Second, i agree with greygarious and Friter with the frozen tube method. I do not know why, but the commercial vessel designed specifically for this cooling method is crazy expensive.....somewhere between $50-100 USD depending on size. Instead, I use a old water or soda bottle filled with water, kept frozen for future use in my freezer. From my recollection, this idea was sent in to Cook's Illustrated by a reader under useful tips and hints.

                              * I also remember suggesting this idea here on chowhound in the past.....which created a whole new dispute about chemicals being released from the bottles melting in the hot liquids. Use this idea at your own risk......:-)

                              1. re: fourunder

                                That's why I use a Rubbermaid container - at least it's supposed to be food-safe enough for both cold food and microwave heating.

                                1. re: fourunder

                                  The Rapi-Cool ice paddles seem a bit large for even a large stockpot by home standards (say up to 20 quarts), not to mention a typical home freezer. They have fins for even more rapid cooling, and they probably have to be heavier to be durable for commercial use and to hold as much frozen water as they do.

                                  I keep a 1 quart bottle of saltwater in the freezer for this purpose.

                                  1. re: David A. Goldfarb

                                    Agree with David. The Rapi-cool product is just not for home use. They are very large unless you plan on cooling 5 gallon buckets daily and running them through commercial dish machines. As far as releasing chemicals from a plastic bottle I suppose it's possible but then we should probably not breath the air because it's polluted. Some of the Chicken Little stuff gets a bit carried away IMO.

                            2. re: greygarious

                              greygarious, aren't you clever?!! great idea!

                            3. I will sometimes use a ice chest with ice in the bottom. Does it quickly. I also use same method of cooling off ribs when I cook them 80% done the day before I need them. Cool off quick and then refrigerate. Makes for a quick cook the next day.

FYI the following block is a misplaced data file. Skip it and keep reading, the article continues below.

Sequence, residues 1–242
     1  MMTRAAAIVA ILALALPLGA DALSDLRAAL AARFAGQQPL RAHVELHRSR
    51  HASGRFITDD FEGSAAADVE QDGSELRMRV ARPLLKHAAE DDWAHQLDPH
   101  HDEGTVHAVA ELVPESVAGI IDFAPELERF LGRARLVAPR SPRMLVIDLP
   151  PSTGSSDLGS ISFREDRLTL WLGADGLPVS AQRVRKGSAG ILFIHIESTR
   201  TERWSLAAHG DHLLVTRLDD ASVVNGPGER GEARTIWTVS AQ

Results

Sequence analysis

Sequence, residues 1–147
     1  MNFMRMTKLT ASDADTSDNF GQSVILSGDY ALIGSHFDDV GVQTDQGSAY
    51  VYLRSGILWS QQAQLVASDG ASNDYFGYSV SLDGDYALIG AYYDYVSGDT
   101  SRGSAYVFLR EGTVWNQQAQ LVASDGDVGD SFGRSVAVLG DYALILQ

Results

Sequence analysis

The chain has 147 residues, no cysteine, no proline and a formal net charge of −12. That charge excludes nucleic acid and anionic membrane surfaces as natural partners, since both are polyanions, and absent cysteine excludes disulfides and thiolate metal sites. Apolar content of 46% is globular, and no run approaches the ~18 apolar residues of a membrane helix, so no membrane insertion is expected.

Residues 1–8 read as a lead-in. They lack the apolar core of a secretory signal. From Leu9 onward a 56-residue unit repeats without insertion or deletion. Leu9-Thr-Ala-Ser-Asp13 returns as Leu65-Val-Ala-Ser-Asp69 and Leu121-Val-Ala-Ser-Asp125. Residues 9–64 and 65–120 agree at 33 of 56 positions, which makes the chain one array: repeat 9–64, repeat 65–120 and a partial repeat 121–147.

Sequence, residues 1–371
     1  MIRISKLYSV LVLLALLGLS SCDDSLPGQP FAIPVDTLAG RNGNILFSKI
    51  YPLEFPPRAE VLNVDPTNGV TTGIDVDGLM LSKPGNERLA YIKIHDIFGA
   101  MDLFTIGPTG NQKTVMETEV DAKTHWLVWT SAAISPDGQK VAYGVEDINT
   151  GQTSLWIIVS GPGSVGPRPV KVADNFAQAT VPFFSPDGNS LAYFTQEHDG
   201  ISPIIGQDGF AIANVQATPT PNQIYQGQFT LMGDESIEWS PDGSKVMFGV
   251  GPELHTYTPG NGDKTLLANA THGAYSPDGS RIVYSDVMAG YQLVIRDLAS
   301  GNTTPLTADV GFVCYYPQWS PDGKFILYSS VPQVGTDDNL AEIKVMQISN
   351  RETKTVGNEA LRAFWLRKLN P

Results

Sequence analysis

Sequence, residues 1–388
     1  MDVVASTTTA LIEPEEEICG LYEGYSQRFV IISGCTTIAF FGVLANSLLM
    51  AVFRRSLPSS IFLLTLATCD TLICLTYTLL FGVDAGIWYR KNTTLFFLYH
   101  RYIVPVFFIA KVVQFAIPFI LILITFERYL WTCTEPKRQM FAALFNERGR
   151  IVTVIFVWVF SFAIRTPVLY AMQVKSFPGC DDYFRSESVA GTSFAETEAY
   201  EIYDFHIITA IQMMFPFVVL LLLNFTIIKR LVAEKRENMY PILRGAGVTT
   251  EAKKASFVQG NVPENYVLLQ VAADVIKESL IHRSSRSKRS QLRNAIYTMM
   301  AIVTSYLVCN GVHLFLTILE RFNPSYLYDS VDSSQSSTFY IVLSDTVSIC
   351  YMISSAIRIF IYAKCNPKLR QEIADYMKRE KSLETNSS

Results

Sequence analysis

1. Since stews and soups are something that I usually make in the winter... The snow bank at my side door with -ÂșC temps cools it down fast.

                                In milder weather I use an ice bath in the sink.


                                1. baking pan+water = evaporation+ heatsinking. even a slightly wet cookie sheet will do.

                                  1. I use the ice bath method for smaller quantities, like six quarts or less. For larger quantities, usually of things like stock, I'll use an ice bath plus I'll stir it with a frozen bottle of salt water. I can usually get about 12 quarts of hot liquid down to a safe temperature in 20-30 minutes this way.

                                    3 Replies
                                    1. re: David A. Goldfarb

                                      Why do you use salt water? Salt lowers the freezing temp of the water, but why does that make a difference in this application, if it's frozen anyway? In fact it could be a drawback if you add enough salt that it doesn't freeze at all, since most of the heat absorption takes place during the phase change from solid to liquid anyway. Or am I missing something? Not trying to be a smartass, just curious.

                                      1. re: Bat Guano

                                        It freezes, and lowering the freezing point makes it colder, so I figure it should cool the hot liquid faster and more effectively without taking up as much freezer space as, say, two bottles of ice. If you want to freeze something rapidly, as when making ice cream or chilling beer, adding salt to the ice speeds up the process, so I figure that using saltwater probably helps, and it certainly doesn't hurt, since it doesn't prevent the water in the bottle from freezing.

                                        1. re: David A. Goldfarb

                                          No, it won't be colder just because it has a lower freezing point; it'll be at whatever temperature your freezer is set to. I don't think it'll make a difference in how much heat it can absorb per unit of water/salt water. The reason salt added to ice in the ice cream freezer speeds the process is because it melts the ice faster, and creates colder salt water to chill the custard... from my probably primitive understanding of thermodynamics...bottom line, I don't see how it makes a difference. But I could be wrong.